Minority paradoxes. Ethnic and generational differences in self-reported offending and official crime statistics
Immigrants and their native-born children tend to be overrepresented among crime suspects in Europe. Using a representative Dutch survey, we examine whether inhabitants of Turkish and Moroccan origin also self-report more crimes than the native Dutch. In addition, we test various explanations for ethnic differences in crime, partly using variables that are unavailable in administrative data (socio-economic status [SES], perceived discrimination, neighbourhood disadvantage and control, family bonds, religiousness). We discover two ‘minority paradoxes’. Firstly, contrary to analyses using administrative data, both minorities have similar to lower self-reported crime rates compared to the majority group when age, sex, urbanization, SES and social desirability are controlled. Secondly, first-generation immigrants report fewer crimes than expected given their social disadvantage, thus indicating a notable ‘righteous migrant effect’.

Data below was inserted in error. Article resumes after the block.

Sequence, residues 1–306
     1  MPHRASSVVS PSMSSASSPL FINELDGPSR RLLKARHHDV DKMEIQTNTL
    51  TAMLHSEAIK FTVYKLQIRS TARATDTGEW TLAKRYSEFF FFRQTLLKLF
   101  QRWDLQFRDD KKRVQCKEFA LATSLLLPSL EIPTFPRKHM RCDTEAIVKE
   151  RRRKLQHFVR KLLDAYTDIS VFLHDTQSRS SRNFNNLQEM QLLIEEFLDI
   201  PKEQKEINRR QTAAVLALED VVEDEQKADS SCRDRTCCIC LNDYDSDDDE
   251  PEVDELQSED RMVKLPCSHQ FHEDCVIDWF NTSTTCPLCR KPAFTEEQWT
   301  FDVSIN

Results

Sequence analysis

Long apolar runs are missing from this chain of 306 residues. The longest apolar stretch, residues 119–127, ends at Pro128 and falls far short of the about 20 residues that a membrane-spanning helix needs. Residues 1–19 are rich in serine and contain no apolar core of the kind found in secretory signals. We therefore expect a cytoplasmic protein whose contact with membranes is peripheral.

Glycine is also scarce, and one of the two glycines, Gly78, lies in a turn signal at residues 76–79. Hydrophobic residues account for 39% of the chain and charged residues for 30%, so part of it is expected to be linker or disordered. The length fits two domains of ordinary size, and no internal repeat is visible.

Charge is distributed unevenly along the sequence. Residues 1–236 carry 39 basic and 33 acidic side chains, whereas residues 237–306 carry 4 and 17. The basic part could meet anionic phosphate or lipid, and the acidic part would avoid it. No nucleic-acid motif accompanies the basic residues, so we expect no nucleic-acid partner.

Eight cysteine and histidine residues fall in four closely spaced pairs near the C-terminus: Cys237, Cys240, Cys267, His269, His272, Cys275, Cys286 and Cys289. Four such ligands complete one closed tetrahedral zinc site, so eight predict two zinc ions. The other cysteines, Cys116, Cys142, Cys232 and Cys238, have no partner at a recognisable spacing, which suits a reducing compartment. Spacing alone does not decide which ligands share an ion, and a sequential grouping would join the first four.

|Keywords||ethnic minorities, self-reported crime, law enforcement, immigration, assimilation|
|Persistent URL||dx.doi.org/10.1093/bjc/azy021, hdl.handle.net/1765/113611|
|Journal||The British Journal of Criminology: an international review of crime and society|
Leerkes, A.S, & Martinez, R. (2018). Minority paradoxes. Ethnic and generational differences in self-reported offending and official crime statistics. The British Journal of Criminology: an international review of crime and society. doi:10.1093/bjc/azy021